This folk bronze is Khandobha and his consort Mhalsa. He is identified as Khandobha with the horse standing on the right lower side of the pedestal.
A simple ridged prabhavali defines the deities. Both Khandobha and Mhalsa are holding swords in their right hands and shield (cup) in their left hands. In classical bronzes, it would be unusual to see a goddess/consort holding weapons when accompanying their male counterpart. I am yet to come across one.
There are several examples of arms bearing goddess/consorts in folk bronzes. One other such example in Die Andereren Gooter (The other Gods), edited by Dr Corenelia Mallebrein (page 282, fig 213). In that example, there is a dog in addition to the horse. See also Bhairava with the consort in this website.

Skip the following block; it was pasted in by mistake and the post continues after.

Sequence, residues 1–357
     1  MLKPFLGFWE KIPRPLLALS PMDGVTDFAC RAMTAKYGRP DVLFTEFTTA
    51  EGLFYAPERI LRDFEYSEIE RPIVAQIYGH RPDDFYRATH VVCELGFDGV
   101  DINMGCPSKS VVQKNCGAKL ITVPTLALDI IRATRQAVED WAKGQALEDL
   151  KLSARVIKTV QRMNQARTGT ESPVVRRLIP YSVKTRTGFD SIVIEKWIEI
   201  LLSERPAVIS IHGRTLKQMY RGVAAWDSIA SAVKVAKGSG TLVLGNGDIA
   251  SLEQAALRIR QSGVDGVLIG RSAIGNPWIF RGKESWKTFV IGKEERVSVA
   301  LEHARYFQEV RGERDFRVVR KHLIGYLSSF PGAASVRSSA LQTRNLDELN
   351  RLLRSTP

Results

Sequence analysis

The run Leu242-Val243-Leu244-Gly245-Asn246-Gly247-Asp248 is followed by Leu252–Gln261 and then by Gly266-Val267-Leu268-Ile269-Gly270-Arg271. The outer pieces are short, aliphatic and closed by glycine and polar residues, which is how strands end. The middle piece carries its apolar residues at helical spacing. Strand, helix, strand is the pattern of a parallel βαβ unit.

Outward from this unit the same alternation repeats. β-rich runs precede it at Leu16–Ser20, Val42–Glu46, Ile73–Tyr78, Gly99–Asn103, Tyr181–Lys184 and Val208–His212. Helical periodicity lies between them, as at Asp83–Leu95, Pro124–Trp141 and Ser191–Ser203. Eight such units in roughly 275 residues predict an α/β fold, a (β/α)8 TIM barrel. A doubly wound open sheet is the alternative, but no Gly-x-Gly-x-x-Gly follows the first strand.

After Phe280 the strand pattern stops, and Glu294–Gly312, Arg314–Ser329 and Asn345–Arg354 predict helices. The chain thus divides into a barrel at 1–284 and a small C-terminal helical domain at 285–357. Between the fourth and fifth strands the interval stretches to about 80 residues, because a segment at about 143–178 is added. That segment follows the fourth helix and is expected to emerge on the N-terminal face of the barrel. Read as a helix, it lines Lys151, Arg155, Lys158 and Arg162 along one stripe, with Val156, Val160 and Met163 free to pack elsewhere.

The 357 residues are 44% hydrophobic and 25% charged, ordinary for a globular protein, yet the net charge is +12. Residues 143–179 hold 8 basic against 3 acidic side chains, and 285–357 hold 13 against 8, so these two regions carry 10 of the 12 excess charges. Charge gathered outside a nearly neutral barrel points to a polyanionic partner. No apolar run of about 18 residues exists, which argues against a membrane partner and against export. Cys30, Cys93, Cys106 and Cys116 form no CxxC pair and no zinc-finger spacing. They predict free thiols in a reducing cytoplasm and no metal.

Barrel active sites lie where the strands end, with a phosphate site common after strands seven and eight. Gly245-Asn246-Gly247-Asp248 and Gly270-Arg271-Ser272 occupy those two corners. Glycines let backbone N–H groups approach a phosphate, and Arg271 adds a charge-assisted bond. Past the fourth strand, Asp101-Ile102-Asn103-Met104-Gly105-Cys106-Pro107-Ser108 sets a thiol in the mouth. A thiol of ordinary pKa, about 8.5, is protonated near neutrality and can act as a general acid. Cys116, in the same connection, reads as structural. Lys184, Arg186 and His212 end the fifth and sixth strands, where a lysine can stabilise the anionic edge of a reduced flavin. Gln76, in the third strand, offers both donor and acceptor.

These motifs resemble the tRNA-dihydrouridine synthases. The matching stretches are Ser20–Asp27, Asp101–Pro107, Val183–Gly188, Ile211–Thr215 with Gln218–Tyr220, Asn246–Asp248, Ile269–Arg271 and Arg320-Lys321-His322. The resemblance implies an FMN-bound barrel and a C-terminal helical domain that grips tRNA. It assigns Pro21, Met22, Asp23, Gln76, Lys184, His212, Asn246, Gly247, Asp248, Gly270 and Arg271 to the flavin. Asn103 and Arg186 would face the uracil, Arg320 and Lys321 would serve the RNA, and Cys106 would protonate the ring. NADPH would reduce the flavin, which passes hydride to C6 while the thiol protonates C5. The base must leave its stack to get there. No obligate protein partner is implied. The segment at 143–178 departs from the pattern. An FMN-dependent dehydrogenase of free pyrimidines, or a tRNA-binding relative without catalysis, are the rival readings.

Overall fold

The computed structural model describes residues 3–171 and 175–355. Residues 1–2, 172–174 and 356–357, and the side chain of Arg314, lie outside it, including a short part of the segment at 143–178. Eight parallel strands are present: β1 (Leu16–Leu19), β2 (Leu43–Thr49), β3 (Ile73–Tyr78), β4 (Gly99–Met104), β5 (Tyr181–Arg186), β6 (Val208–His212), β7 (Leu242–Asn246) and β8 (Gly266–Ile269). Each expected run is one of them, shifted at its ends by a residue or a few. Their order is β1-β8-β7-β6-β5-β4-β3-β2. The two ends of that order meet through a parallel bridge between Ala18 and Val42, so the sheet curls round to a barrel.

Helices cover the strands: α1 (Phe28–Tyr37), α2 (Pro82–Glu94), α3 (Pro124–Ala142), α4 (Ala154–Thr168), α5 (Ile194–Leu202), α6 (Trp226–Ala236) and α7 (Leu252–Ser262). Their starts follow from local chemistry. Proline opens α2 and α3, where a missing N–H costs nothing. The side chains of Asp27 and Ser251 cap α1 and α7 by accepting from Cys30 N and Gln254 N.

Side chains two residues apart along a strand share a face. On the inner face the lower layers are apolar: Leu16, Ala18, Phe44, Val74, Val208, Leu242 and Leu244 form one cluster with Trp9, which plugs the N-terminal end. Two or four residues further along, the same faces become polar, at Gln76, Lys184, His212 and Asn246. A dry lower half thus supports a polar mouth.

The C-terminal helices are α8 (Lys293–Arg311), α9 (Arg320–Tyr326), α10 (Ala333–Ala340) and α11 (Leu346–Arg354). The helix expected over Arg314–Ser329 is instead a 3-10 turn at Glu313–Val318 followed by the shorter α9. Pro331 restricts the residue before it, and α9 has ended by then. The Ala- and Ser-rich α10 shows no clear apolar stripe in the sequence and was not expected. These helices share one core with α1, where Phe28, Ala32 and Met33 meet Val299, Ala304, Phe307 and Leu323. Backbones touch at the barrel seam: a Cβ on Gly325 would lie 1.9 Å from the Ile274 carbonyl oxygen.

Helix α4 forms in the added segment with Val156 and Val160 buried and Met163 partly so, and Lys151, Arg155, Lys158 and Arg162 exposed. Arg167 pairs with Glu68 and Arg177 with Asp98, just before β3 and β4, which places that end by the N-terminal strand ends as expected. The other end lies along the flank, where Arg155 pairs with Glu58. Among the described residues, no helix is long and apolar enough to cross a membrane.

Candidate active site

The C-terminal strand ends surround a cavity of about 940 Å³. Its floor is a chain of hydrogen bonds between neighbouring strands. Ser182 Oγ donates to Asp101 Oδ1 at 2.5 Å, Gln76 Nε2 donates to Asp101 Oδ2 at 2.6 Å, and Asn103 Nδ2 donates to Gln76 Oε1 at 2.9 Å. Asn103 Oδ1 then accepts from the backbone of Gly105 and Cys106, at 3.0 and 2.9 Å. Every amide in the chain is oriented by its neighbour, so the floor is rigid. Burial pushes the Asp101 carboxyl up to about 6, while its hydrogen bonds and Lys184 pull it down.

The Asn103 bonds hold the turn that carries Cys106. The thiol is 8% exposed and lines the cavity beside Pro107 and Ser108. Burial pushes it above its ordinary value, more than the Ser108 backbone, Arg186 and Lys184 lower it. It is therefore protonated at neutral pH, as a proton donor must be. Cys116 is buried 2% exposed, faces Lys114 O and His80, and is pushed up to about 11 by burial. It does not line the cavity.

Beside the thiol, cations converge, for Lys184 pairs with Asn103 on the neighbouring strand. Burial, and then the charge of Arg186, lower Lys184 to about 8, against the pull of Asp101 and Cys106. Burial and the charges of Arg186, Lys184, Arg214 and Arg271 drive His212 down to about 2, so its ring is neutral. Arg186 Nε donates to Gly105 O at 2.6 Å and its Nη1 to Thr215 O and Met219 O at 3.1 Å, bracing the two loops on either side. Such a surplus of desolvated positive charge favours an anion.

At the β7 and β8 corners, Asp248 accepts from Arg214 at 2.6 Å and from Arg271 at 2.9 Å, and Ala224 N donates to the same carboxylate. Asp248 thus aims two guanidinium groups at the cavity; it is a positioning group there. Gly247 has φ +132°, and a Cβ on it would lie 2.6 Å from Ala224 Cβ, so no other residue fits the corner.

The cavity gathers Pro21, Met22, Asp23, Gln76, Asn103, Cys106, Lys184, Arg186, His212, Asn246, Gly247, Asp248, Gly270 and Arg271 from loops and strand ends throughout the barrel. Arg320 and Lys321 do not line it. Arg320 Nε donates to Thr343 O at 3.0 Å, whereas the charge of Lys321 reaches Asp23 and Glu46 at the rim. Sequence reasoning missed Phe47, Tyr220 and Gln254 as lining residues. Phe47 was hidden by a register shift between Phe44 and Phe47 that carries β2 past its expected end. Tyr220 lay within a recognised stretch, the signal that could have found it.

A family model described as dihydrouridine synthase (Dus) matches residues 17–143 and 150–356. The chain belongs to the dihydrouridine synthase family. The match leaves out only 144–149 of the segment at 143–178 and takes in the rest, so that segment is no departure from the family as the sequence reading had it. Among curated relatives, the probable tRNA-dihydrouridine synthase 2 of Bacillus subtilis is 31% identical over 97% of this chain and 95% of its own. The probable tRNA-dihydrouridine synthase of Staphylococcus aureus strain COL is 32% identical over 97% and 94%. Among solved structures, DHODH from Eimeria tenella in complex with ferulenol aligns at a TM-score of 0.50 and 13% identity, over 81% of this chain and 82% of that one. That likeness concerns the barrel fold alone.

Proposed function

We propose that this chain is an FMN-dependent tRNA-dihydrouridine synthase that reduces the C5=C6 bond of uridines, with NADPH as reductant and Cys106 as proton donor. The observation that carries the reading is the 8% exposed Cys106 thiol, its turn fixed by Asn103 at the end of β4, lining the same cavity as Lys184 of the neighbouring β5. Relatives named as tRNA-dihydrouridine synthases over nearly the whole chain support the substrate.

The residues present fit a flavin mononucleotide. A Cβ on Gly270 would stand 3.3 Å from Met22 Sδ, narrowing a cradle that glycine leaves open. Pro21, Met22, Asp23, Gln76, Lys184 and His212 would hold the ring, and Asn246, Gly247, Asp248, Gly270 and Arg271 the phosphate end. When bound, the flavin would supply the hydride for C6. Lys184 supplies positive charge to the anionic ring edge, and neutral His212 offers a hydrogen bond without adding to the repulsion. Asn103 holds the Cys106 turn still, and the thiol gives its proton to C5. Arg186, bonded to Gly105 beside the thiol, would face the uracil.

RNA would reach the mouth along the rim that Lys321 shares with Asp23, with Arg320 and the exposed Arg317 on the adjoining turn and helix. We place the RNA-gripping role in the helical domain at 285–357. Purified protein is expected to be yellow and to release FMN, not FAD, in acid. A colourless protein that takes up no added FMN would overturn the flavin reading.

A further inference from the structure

Khandobha is worshipped mainly in Maharashtra, Northern Karnataka and parts of Andhra. The primary temple is Jejuri in Maharashtra.
This bronze is about 8.5 cm in height. It is from North Deccan. This may not be earlier than the nineteenth century.
Finish of the pedestal, simple elegance, the dignity of the deities and sturdiness of the bronze are worth noting.
Note: More bronzes of Khandobha are scheduled to be published during 2017.